John Taylor writes:
"I completely agree with John Cochrane when he writes in his review of my book First Principles that
the “preference for rules is one of the most important lessons of
modern macroeconomics” and that it is still the major point of
disagreement among those writing about economic policy today. As John
nicely puts it, the disagreement is about “rules vs. discretion,
commitment vs. shooting from the hip, and more deeply about whether our
economy and our society should be governed by rules, laws and
institutions vs. trusting in the wisdom of men and women, given great
power to run affairs as they see fit.”"
So who, exactly, is on the side that thinks "trusting in the wisdom of men and women, given great power to run affairs as they see fit"? Clearly not me (not that I'd expect Taylor to have me in mind anyway). Not Paul Krugman - his biggest concern has been such men and women in authority with lots of discretion but no wisdom. Not Brad DeLong. Not Mark Thoma.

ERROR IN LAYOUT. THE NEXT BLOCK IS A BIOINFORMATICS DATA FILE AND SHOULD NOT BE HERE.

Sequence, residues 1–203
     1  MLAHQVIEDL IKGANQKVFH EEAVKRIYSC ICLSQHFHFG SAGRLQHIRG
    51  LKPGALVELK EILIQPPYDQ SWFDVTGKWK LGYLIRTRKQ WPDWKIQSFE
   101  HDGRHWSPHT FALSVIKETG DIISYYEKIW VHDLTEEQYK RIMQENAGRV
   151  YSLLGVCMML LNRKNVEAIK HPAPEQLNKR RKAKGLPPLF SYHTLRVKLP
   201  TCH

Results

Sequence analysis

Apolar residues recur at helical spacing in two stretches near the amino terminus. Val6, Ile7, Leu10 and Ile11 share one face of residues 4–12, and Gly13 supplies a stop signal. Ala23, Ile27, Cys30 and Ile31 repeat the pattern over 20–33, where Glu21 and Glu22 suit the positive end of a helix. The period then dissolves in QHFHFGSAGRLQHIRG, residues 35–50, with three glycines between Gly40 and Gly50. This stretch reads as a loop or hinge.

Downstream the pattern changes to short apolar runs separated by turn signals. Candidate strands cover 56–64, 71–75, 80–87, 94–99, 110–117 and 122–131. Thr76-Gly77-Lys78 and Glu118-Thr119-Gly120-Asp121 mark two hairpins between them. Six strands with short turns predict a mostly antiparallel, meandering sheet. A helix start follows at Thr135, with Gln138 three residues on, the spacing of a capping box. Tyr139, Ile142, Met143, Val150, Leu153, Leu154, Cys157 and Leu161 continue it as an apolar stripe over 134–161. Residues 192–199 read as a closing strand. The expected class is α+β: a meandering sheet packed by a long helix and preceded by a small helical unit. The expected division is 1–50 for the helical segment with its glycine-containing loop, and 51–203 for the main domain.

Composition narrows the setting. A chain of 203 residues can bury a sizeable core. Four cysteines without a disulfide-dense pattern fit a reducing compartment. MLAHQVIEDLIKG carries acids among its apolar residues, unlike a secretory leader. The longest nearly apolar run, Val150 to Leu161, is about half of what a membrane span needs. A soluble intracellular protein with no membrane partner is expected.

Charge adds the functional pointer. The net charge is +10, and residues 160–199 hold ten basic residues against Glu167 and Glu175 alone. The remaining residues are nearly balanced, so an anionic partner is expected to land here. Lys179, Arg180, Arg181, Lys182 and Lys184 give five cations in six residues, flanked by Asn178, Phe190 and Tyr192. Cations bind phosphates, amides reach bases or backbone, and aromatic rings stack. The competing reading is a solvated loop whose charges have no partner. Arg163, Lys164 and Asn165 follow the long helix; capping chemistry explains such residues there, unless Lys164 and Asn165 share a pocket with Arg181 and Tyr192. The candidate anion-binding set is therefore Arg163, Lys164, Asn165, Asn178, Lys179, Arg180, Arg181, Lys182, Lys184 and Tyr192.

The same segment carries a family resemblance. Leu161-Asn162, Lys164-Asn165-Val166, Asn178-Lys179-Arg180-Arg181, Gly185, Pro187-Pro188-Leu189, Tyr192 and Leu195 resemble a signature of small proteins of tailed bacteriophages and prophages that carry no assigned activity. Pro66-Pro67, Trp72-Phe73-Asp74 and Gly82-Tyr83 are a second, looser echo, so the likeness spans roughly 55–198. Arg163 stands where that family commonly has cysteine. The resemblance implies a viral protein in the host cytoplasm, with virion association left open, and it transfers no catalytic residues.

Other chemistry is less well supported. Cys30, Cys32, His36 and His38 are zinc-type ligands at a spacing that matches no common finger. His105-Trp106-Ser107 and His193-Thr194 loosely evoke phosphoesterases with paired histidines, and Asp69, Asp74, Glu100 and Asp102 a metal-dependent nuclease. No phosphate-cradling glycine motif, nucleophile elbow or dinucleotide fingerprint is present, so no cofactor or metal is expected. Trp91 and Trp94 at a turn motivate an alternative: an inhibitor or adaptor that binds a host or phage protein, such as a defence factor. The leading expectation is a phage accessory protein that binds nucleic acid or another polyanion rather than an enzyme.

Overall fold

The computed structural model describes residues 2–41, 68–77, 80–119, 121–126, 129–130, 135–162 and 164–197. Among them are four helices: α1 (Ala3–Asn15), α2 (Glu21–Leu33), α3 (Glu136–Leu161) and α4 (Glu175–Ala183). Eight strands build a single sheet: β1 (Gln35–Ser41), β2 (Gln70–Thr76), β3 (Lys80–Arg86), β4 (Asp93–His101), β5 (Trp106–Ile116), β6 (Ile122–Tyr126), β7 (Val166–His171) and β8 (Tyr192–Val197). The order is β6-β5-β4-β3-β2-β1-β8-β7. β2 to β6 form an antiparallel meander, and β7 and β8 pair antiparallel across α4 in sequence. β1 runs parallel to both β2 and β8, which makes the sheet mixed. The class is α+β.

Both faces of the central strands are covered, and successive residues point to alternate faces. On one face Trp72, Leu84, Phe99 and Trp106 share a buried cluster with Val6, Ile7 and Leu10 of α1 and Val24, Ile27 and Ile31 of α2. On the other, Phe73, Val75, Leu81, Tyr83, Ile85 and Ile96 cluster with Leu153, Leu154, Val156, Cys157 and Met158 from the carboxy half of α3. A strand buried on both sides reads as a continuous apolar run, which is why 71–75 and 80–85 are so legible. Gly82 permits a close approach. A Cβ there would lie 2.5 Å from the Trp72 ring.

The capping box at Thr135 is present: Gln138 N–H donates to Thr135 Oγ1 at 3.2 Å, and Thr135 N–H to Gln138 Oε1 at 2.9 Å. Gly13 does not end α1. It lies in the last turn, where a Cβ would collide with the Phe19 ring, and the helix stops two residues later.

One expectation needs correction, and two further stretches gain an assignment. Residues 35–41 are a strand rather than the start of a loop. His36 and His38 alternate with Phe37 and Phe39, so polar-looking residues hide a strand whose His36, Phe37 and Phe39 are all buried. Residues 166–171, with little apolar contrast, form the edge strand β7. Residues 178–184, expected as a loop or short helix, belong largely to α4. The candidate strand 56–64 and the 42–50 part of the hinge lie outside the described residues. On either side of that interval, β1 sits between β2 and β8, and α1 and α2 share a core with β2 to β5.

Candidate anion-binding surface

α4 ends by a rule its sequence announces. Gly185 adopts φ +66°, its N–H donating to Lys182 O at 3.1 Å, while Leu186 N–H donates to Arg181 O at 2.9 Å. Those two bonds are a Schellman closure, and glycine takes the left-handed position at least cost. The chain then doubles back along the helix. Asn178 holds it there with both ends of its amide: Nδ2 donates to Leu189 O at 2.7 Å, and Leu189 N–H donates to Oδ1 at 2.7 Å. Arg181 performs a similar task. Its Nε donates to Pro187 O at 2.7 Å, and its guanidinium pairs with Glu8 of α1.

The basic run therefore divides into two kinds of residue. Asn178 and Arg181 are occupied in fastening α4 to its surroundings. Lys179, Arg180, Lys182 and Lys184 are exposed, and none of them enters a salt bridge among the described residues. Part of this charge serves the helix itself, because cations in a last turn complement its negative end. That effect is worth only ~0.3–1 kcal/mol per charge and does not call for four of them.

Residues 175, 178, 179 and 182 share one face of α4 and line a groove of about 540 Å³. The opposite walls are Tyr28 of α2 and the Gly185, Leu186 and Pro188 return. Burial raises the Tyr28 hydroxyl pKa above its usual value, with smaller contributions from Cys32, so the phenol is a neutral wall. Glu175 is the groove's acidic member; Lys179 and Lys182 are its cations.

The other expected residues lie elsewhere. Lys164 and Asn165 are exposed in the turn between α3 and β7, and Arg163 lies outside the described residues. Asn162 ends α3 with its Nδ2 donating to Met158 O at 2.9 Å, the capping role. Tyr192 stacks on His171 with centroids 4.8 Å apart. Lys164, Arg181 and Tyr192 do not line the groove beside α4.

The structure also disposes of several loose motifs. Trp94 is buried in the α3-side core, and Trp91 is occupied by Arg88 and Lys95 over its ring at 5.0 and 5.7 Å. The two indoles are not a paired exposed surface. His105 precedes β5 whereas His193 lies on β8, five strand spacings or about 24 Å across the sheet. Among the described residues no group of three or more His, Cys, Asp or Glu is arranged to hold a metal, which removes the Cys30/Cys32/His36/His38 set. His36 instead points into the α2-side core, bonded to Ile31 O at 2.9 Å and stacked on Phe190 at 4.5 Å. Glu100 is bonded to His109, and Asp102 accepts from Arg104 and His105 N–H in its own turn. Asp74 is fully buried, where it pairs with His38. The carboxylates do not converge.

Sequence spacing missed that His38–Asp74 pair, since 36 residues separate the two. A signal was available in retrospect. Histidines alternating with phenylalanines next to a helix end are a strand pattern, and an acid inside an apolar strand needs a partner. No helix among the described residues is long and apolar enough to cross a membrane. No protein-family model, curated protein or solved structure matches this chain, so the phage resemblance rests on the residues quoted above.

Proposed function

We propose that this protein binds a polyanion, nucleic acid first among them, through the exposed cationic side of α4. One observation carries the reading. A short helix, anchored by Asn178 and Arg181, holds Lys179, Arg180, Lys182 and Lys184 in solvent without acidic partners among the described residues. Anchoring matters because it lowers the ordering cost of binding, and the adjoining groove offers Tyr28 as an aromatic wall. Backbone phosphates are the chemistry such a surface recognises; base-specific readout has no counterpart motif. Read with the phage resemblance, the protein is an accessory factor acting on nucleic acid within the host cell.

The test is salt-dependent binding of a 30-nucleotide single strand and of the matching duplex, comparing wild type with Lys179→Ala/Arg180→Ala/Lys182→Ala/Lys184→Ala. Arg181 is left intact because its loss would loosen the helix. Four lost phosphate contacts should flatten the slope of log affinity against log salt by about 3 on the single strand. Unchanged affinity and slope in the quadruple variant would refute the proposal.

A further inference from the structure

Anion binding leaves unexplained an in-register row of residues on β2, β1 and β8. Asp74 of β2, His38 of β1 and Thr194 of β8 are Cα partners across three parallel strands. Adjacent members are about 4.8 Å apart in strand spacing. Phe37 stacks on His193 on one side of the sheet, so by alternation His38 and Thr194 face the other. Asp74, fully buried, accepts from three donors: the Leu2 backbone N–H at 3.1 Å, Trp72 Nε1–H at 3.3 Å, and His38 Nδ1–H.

This reminds me of the post-ACA claims that the pro-health-reform-constitutionality side did not believe in a Constitution that limited the power of the state.
It's what several years ago I called the "assumption of ideological orthogonality". The assumption that because I believe X, and I don't agree with those guys, then those guys believe not-X. It's a really bad way to view the marketplace of ideas and it can lead you into saying really dumb things.